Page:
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Widespread redundancies in the banking sector as well as cuts in pay and longer working hours have taken their toll on a range of sectors, with retailers in particular feeling the pain of the recession.
European Central Bank President Mario Draghi on Friday criticized "chatter" on currencies that has roiled foreign exchange markets in recent weeks.
Patrick Legland, global head of research at Societe Generale, tells CNBC that European markets remain undervalued, and any consolidation should be used as a buying opportunity.
Kelly Evans takes you through the European market open where stocks have come in flat.
Peter Breiter, 41, is an unusual banker. Not for him the big bonuses, complicated financial instruments and multi-million deals. He is happy instead writing transaction slips out by hand for the 500 inhabitants of the tiny southern German village of Gammesfeld.
Greece is pinning its hopes of boosting revenue from an antiquated tax system beset by massive evasion on Harry Theoharis, a boyish-looking 42-year-old who describes himself as an "IT monkey."
Simon Cox, Asia Economics Editor at The Economist says finance ministers and central banks should be fighting stagnation, not each other. He's joined by Michael Hewson, Senior Market Analyst at CMC Markets who says the weakening yen is justified.
Uwe Parpart, Managing Director, Head of Research at Reorient Financial Markets says the recent euro zone GDP results are backward looking and he still sees positive growth in Germany. He says the greater worry is Italy.
Commerzbank, Germany's second-biggest lender, said it would set aside slightly more money for bad loans this year as the economic environment deteriorates.
'Currency wars' will come to Moscow on Friday as finance officials from the Group of 20 nations spar over Japan's expansive policies that have driven down the value of the yen.
Jim Grant, "Grant's Interest Rate Observer" editor, explains why central bank easing, ultra-low yields and access to corporate and sovereign credit is creating a "soon to be regrettable situation." "Central banks are going from ease to hyper-ease," he says.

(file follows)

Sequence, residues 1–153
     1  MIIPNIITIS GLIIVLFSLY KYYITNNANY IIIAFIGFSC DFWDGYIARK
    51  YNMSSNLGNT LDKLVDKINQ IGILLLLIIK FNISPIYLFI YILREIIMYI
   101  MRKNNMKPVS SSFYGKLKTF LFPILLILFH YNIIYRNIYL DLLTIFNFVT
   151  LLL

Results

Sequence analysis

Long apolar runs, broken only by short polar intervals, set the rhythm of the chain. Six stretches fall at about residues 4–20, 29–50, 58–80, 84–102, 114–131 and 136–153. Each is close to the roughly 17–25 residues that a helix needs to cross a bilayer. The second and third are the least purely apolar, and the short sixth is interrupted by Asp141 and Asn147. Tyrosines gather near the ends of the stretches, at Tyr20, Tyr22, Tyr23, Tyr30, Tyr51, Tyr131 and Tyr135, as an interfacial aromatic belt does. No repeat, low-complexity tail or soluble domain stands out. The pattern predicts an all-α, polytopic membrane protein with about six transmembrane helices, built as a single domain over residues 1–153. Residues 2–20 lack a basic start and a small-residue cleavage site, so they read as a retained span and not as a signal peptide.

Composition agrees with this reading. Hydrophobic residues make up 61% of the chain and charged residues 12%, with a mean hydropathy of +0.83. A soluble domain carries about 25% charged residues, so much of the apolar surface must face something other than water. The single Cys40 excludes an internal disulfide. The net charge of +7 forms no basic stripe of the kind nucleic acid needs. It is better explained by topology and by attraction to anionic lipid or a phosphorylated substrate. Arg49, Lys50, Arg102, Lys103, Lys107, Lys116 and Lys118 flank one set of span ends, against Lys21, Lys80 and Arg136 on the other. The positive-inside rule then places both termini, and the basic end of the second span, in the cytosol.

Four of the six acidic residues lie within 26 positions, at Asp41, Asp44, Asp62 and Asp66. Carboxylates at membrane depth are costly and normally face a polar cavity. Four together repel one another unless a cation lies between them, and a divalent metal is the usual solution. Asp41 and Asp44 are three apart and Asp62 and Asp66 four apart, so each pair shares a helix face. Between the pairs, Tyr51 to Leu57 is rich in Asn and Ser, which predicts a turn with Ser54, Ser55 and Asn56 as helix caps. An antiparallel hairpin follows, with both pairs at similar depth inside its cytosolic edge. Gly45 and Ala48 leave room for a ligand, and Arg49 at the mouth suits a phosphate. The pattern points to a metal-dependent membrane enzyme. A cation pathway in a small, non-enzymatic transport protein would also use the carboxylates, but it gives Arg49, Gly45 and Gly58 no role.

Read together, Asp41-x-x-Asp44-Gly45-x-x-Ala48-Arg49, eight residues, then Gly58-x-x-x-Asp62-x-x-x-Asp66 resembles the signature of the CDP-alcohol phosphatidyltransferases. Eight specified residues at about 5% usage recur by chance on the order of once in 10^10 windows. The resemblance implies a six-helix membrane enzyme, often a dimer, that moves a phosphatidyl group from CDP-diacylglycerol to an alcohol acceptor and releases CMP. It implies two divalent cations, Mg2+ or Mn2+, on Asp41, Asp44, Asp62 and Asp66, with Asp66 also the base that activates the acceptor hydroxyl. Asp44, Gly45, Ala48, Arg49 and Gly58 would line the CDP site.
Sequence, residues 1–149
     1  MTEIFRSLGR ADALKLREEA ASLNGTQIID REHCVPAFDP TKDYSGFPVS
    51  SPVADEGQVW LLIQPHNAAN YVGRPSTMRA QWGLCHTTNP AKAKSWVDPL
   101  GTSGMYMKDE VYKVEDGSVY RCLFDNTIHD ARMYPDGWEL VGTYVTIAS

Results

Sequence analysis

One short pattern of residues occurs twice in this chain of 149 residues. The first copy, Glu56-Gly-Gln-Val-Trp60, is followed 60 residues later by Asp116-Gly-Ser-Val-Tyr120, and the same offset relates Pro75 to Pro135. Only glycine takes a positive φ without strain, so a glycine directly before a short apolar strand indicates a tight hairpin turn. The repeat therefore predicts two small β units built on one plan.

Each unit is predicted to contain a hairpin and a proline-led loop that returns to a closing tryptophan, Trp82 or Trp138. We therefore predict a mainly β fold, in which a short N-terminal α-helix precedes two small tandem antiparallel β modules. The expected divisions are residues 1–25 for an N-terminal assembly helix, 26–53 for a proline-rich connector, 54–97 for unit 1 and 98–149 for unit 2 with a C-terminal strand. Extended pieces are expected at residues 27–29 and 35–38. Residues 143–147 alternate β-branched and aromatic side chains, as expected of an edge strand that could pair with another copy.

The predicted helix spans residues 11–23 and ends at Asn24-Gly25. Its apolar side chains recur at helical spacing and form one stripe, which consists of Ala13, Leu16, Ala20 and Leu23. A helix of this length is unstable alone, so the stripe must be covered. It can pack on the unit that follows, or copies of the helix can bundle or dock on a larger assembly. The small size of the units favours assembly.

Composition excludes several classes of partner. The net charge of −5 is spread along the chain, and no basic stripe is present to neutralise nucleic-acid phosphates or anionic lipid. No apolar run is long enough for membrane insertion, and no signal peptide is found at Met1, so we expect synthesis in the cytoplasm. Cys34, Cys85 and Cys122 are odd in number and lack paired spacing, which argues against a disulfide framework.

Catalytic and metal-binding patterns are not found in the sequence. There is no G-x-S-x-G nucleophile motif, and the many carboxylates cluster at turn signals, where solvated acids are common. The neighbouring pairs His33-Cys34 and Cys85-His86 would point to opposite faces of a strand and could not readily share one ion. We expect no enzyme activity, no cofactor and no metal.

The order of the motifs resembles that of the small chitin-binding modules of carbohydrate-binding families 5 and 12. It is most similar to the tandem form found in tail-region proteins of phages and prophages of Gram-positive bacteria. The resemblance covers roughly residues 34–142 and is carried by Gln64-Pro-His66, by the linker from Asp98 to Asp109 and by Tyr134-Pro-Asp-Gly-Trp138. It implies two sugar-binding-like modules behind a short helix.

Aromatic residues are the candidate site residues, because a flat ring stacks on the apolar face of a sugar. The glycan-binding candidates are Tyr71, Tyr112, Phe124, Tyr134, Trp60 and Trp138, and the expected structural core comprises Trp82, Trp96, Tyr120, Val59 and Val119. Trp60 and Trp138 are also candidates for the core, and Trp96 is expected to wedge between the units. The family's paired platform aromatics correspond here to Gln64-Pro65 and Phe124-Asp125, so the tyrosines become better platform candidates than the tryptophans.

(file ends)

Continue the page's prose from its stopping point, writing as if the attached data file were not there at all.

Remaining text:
Dissecting the latest action in the markets, with Josh Brown, Fusion Analytics; David Darst, Morgan Stanley; Michael Crofton, Philadelphia Trust Company; and Ben Pace, Deutsche Bank PWM U.S.
Discussing the state of the global markets, and just how much what's happening Europe is impacting the U.S. markets, with Dambisa Moyo, International economist and author. "The U.S. story is much more constructive, than the European story," she says.
Russia fueled the G-20 currency war debate when the Russian finance minister criticized countries that are trying to stimulate their economies through currency devaluation.
High-yielding risky bonds continue to perform well, and the asset class is set to be among the best performing of 2013, according to Swiss bank Sarasin.
European austerity measures are punishing the most vulnerable members of society and threatening the entire social cohesion of Europe, according to a report from the charity Caritas.
Rio Tinto's new chief flagged he would slash costs, spend capital more carefully and focus on shareholder value after the world's no.3 miner reported a $3 billion loss, its first ever full-year loss.
Policymakers must be careful not to ratchet up rhetoric about "currency wars", which could lead to something worse happening, European Central Bank Vice President Vitor Constancio said on Thursday.
The euro zone slipped deeper into recession in the last three months of 2012 after its largest economies, Germany and France, shrank markedly at the end of the year.
Jens Nordvig, global head of currency strategy at Nomura Securities, tells CNBC why Thursday's EU GDP numbers were important as growth becomes a driver for the economy rather than yield and risk.
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Markets have built up a lot of expectation ahead of the speeches from central bankers at Jackson Hole, says Todd Horwitz, author and founder of Averagejoeoptions.com, with all eyes are on Fed Chair Janet Yellen¿s comments on Friday.
The elephant in the room at Jackson Hole is "shrinkflation" - or the size of things getting smaller - says Philippa Malmgren, founder of DRPM Group. She argues it is leading to consumers paying more per ounce, as is masks inflation.
A lot of the films released this summer are squeals, which has led to "franchise fatigue" among some movie-goers, says Georg Szalai, international business editor, at The Hollywood Reporter.